Jean B Jaunay | François M Jaunay | Louis B Jaunay | Frank C Jaunay | Robert JC Jaunay | Frank JC Jaunay

Louis Brunet Jaunay 1816–1887

A small marque The story of Louis Brunet Jaunay 2

to_treeLouis Brunet and Annie had three sons. Annie was determined that her first born would share her Scots/Irish heritage and so arranged to be in Ireland for the birth of Frank Cunningham on 22 June 1851. Frank's second name, Cunningham being Annie's mother's maiden name. Julius Gilmour was born at Upper Clapton, London on 30 June 1852. The third son, Arthur Henry Howell was born on 10 August 1853 at Reims but died six months later and was buried the the newly acquired family grave at the North Cemetery, Reims.

label The label, L Jaunay & Co [one example is pictured] was not established until late in Louis' life but he was trading in wines before Joseph Krug broke away from Jacquesson et Fils in 1842. In fact products for L Jaunay were manufactured by Krug. The wines were bottled at Reims using grapes from vineyards at Aÿ and blended the local wines of that district. One very French product for the local market produced by Louis but in fact made by Krug was Tisane de Champagne.

Louis Brunet was also something of an inventor and developed a new corking machine whose principles are still used in the process today.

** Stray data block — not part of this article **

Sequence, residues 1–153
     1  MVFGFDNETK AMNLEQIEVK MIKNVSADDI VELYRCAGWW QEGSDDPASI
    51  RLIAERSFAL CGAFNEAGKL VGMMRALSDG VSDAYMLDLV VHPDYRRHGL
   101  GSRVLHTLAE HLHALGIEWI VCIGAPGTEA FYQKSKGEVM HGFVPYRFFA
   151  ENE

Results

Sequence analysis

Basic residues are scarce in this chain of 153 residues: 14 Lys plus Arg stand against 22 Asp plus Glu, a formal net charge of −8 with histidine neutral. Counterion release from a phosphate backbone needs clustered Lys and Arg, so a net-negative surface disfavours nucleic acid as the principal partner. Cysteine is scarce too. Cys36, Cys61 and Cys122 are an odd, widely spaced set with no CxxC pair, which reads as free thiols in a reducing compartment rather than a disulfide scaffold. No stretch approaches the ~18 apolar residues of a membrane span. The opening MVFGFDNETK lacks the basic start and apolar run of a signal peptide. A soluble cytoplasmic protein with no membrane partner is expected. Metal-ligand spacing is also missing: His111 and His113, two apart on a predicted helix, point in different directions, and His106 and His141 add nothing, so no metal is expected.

Like his brother-in-law, Joseph Krug, Louis Brunet Jaunay eventually prospered and was able to give his two sons an excellent education. Unfortunately as a result they showed little interest in learning the finer detail of the highly competitive champagne blending and manufacturing process. Their father also refused to allow his sons a management place in the company until they married. This strange attitude was not enforced to encourage an early marriage, but rather a desire for his sons to receive a wide experience before settling down in Reims. Unfortunately this vision or as it turned out, oversight, was to be the eventual undoing of L Jaunay & Co.

As a further testimony to his affluence, and a recognition of his mother, Louis Brunet arranged to hang a gilt framed portrait of Ann in the dining room of the his residence in Reims. Ironically this painting's destiny would parallel that of the family! The bullet hole inflicted by a Prussian soldier during the Franco-Prussian War in 1870 was not repaired. This painting passed on to the Krug family when the last of the Jaunays left France. It was destroyed in a German bombardment of Reims in World War I.


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